RHINELANDER - On hot days, dogs like to find a cool place to lie low.
But when they need to go outside, there are a few precautions you should take.
For starters, be sure they’re not walking on hot pavement.
“They were playing Frisbee on concrete and she was just one of those crazy dogs that would play Frisbee all day long and never stop. And they didn't realize there was an issue until they literally saw her pads were kind of dangling. They weren't bleeding but they were all rubbed off on all four paws,” recalls Dr. Alison French.
Dogs can burn the pads of their paws.
The dog Dr. Alison French treated will need weeks to recover, and has to wear custom booties just to walk.
“I would just not take your dog for a walk on concrete or blacktop when it’s really, really hot out. Maybe test it with your own feet. Of course our feet are a little bit more sensitive unless you’re running around barefoot all the time,” says French.
Dr. French says if dogs must be outside, they should be in the shade, and have plenty of fresh, cold water.
Tim Kingman follows that advice with his 2-month old chocolate lab, Mocha.
“A lot of the times we’re taking her down to the water. Most of the time we have her out in the shade,” Kingman says.
But Kingman knows owners must be careful of blue green algae in lakes.
“You’re at a lake that has been known to ever have algae blooms, even if there’s no algae in the water right now, because it’s so windy, it can blow away the visible algae, but the toxin is still in the water,” says Dr. French.
She says it can also be a good idea to hose off your dog to stay cool, and keep them in air conditioning when possible.
Tim Kingman says keeping his new family member healthy and safe is simple: “I guess it’s just using common sense. And just seeing how your dog reacts to the heat.”
ACROSS THE U.S. - A new proposal from the Food and Drug Administration (FDA) would expand regulation on tobacco products, including e-cigarettes, not regulated already by the agency.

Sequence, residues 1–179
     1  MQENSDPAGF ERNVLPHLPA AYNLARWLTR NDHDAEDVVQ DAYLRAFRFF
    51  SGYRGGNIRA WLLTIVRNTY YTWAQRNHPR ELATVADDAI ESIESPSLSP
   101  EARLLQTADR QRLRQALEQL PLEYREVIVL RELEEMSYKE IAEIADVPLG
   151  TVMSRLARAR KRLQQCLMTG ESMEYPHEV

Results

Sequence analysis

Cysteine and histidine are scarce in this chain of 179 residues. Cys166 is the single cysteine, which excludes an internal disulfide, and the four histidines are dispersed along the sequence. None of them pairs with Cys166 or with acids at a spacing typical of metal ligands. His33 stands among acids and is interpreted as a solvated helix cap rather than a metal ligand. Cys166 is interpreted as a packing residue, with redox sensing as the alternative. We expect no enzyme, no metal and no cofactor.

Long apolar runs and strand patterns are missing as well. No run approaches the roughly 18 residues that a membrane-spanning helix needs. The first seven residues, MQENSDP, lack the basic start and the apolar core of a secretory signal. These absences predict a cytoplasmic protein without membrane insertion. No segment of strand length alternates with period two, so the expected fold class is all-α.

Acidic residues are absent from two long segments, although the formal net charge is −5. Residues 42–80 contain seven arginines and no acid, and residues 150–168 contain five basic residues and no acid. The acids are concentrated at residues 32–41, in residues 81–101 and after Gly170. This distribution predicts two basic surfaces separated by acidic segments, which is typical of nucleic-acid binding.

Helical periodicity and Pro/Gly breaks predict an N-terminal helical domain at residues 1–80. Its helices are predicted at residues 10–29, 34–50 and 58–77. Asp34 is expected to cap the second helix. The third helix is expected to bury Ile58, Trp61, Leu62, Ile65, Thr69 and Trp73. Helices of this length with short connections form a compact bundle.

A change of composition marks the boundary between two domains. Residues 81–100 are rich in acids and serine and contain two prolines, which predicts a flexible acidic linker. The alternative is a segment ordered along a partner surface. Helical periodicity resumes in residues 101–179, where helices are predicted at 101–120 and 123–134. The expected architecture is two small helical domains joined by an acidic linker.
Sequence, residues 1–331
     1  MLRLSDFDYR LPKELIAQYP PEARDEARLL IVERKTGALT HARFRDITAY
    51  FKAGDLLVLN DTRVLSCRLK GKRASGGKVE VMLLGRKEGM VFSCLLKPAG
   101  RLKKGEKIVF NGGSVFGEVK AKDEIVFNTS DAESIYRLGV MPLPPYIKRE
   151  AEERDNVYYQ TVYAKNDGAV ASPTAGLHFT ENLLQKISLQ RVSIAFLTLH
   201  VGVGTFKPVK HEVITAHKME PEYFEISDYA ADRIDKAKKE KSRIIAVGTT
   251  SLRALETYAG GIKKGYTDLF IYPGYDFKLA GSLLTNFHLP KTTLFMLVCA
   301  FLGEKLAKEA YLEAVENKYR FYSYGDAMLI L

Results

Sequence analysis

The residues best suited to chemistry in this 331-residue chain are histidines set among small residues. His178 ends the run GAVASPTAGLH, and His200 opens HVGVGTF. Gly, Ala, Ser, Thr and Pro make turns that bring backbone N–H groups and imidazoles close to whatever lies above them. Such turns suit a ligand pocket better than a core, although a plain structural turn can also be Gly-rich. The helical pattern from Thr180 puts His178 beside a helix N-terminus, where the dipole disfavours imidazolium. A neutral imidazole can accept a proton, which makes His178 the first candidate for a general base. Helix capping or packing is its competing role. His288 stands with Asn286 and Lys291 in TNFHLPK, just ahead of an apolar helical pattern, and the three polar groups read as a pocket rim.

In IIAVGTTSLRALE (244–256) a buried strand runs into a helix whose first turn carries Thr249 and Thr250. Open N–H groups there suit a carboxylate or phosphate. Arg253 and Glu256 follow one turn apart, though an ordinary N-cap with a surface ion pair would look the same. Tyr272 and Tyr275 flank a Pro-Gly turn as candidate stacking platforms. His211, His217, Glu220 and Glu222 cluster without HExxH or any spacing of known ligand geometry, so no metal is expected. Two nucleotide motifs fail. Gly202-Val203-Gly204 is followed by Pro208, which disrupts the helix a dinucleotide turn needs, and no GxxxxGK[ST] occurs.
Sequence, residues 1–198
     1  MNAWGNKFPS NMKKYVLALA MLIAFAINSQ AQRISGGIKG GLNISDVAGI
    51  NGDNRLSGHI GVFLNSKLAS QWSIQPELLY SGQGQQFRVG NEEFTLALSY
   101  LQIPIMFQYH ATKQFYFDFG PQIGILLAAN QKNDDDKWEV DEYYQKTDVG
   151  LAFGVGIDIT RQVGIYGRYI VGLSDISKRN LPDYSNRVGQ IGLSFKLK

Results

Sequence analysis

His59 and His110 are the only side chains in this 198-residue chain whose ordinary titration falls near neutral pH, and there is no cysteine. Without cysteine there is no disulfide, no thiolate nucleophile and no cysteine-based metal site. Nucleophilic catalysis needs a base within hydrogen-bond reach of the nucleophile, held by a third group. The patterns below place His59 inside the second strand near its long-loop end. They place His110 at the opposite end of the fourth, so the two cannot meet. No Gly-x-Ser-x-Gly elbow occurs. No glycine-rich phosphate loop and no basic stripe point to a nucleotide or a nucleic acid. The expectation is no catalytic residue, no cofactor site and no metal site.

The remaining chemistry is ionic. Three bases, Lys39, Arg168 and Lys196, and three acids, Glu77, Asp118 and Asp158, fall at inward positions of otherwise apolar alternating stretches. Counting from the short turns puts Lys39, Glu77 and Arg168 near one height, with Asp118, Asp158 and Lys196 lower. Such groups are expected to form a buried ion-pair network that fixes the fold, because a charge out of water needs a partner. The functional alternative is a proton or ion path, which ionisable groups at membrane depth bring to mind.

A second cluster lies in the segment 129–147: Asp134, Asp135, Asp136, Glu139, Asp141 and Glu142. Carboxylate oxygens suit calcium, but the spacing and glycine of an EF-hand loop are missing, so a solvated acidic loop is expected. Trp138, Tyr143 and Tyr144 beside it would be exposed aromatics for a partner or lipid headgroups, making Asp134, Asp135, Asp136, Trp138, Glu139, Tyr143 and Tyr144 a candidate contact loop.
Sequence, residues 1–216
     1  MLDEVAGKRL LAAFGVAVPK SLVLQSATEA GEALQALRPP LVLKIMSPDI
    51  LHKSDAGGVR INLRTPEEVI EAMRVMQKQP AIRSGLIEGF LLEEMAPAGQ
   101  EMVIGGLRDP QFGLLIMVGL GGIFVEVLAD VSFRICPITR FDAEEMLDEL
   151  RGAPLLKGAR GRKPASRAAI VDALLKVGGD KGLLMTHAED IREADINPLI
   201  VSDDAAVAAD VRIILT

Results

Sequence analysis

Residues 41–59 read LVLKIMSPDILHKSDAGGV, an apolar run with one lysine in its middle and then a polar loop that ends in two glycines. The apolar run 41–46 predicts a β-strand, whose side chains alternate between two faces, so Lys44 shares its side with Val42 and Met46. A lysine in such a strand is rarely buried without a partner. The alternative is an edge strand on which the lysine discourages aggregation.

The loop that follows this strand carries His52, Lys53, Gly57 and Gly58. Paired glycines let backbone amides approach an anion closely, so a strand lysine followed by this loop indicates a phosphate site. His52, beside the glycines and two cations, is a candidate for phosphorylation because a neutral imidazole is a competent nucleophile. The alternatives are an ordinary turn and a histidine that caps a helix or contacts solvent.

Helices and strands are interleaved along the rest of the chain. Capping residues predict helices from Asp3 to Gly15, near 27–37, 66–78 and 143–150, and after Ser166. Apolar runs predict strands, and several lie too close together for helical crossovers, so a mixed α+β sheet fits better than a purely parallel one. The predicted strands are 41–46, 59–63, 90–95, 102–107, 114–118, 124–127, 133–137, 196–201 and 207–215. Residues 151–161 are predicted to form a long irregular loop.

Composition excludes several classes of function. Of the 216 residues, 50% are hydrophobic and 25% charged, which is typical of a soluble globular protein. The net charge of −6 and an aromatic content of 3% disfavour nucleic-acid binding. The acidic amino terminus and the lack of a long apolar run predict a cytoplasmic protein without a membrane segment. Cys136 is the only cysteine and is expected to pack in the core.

The proposal, which was released Thursday, would regulate hookahs, nicotine gels, cigars and e-cigarettes. The FDA currently only regulates cigarettes, cigarette tobacco, roll-your-own tobacco, and smokeless tobacco.
Some smokers turn to e-cigarettes to try to stop smoking. Medical experts don’t know the full health impact of e-cigarettes yet. Leaders at the FDA want to get ahead of the trend.
The proposal would make e-cigarette producers register their products and show their ingredients to the agency.
MADISON - The start of a new short-term loan program that wasn't slated to begin until July has been moved up in an effort to help businesses hurt by recent cutbacks at Oshkosh Corp.
The Wisconsin Economic Development Corporation, the state's chief jobs agency, voted this week to start the pilot program earlier. It will provide loans or loan guarantees of up to $250,000 to companies for projects or expenses that may not be eligible for traditional financing.
The board says it was starting the program earlier in light of news that Oshkosh was cutting 760 jobs from its defense division because of budget cuts being made by the U.S. Department of Defense.
The loan program this year will only target businesses in Oshkosh Corp.'s supply chain